2014 Fiat 500L First Drive

With the 2014 Fiat 500L, Italy shows the Koreans how to make a proper B-segment car

What It Is
Small car, BIG interior, quality ride.
Best Thing
Smooth, dual-clutch transmission in a B-segment car?
Worst Thing
"Interesting" looking…
Snap Judgment
Italy just outdid Korea; the 500L is a price and quality contender at every level.

When Fiat introduced the 2014 Fiat 500L to the North American audience in January at the Detroit Auto Show, I cringed. Then I laughed and smiled and grinned, and laughed again. Fiat's press conference was lighthearted, amusing, and self-deprecating. And of course, Catrinel Menghia. But back to the car: what the hell was it?

I wasn't expecting much from it last week in Baltimore, where Fiat hosted us for the 500L press launch. I thought it would be just another dopey contender in the basement of the so-called "B-segment," that being the smaller, inexpensive market. But I'm now eating those words: the 2014 Fiat 500L is not just a solid sub-compact, it is perhaps the most impressive in its segment.

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That's not just a relative verdict. You can see for yourself, later this week or the next, as the 2014 Fiat 500L begins hitting showrooms across North America. What you'll find is a powerful, comfortable, economical, feature-stacked--and most importantly--a gratuitously spacious car that may throw the B-segment upside down.

Best of all? The 500L "Pop" begins at $19,900 including destination, and can be very well apportioned for just $20,995 ("Easy") and $21,995 ("Trekking"). Fancy a splurge? The 500L "Lounge" smokes the competition at just $24,995, and it maxes out with full options at $27,500.


No matter how you slice it, the first taste is a little rough. The 2014 Fiat 500L is very Europe'y looking, and that's not familiar to many Americans. I mean, I hated my first beer, and now? I'm a craft brew snob. In this case, familiarity breeds acceptance at least, and I think that, in time, the 500L's aesthetic appearance will be a significant plus.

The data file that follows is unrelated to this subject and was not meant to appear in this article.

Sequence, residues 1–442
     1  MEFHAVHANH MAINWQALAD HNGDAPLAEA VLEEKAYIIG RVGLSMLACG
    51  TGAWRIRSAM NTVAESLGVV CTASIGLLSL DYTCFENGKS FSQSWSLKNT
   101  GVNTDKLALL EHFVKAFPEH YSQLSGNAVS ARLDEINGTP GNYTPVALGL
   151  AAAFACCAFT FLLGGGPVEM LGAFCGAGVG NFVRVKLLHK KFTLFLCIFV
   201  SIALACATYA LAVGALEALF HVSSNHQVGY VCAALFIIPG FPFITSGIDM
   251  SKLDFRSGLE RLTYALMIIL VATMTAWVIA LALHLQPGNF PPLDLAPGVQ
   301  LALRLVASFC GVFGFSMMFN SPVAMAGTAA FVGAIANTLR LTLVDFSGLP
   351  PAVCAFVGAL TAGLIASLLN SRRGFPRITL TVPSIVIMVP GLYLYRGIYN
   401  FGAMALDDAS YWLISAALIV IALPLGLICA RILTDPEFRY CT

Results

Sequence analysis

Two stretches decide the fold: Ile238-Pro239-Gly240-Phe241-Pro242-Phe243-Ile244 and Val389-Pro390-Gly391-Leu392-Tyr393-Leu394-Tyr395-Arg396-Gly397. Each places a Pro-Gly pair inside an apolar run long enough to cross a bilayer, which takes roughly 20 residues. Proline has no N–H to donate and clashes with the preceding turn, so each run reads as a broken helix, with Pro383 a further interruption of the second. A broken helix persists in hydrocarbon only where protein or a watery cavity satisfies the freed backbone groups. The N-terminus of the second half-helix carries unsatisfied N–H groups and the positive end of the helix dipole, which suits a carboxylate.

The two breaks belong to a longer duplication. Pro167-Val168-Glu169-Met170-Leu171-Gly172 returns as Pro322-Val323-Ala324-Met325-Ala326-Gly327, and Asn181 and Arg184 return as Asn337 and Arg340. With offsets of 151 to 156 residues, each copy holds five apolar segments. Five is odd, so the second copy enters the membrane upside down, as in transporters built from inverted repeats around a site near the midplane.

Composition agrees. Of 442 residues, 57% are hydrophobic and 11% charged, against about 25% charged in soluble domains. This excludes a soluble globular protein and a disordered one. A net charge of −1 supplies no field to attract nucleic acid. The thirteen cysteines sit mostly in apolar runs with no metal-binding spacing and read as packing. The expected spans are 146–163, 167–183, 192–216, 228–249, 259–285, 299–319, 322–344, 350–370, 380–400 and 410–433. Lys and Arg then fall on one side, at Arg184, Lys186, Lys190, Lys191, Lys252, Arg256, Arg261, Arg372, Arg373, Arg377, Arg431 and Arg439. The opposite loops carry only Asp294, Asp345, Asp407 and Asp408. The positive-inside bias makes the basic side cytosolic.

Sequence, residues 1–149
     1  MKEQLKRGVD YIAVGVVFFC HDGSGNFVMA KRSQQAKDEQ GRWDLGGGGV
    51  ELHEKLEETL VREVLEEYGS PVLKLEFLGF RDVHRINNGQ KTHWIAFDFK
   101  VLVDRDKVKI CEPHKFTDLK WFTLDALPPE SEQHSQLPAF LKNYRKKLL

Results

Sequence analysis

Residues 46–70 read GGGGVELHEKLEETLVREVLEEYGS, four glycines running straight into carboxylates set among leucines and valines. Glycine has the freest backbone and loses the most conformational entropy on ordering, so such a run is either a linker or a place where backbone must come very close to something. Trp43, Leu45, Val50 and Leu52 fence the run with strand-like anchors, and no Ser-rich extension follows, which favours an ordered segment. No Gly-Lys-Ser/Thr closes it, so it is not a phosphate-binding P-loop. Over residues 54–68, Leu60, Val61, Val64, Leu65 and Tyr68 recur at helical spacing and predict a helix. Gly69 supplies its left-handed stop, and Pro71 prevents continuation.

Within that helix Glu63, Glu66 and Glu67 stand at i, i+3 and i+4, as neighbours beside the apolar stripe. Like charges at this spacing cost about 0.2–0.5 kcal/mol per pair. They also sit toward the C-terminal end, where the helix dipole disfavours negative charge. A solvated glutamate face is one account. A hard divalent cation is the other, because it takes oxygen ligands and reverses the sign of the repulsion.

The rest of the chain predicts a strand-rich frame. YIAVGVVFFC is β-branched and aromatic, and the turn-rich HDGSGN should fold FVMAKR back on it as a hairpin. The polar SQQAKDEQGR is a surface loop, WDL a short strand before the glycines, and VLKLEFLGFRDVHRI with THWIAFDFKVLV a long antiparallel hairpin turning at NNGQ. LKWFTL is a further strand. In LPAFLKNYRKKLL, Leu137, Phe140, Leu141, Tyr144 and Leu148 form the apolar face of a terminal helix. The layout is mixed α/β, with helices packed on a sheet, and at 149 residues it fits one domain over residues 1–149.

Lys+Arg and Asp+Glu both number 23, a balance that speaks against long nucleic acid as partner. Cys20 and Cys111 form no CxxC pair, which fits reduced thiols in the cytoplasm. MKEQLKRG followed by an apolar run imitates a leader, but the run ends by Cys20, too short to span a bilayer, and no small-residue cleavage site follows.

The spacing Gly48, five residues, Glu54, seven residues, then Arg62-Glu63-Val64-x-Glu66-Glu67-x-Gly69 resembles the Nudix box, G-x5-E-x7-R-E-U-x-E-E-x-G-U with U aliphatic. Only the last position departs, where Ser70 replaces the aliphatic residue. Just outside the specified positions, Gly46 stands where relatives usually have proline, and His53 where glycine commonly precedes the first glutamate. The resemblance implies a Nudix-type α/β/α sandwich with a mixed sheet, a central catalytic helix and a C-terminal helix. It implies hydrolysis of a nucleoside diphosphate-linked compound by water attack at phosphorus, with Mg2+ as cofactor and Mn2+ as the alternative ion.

But there are also some really neat design touches that make the 500L a unique and interesting car to study. Take, for example, the glass A-to-D pillars. The A-pillar is the portion of the car's body that separates the front windshield from the driver and passenger door and windows, and the D-pillar--in this instance--is the portion of the car's body that separates the backseat doors and windows from the rear lift gate. What's unique in the 500L is that Fiat has drastically improved interior visibility by essentially cutting a vertical hole through them, and furnishing them with glass. Some models, too, have a stunning, panoramic glass moonroof, which does a fantastic job letting in lots of clean, natural light.

The front fascia is typical Fiat, featuring windswept buggy-like projector eyes, chrome grille, and military-regulation, lip-trimmed mustache, set above a low, wide grin. Step up to the handsomer "Trekking" model for rugged wheel arches, and sharper, larger wheels. Out back, there's a chrome muffler tip and a bumper lip set below the lift gate's cargo floor.

These details suggest not an expensive, premium offering, but a car that outclasses its class in details, regardless of your opinion of its styling cues.

Sitting Down

Here is where the 2014 Fiat 500L blows you away. Let me preface this by saying that, according to one Fiat executive, "Fiat is never going to be entry level."

With that said, here is the best thing about the 500L, according to Fiat's product managers: "The 500L is a B-segment car with the interior volume of a Chrysler 300." Mull over that thought and consider: the post-partum 500 is now taller, wider, and longer on the outside, about average for the sub-compact class, but inside--and this may or may not be an indictment on America's expanding beltline--it's as big as an American large car.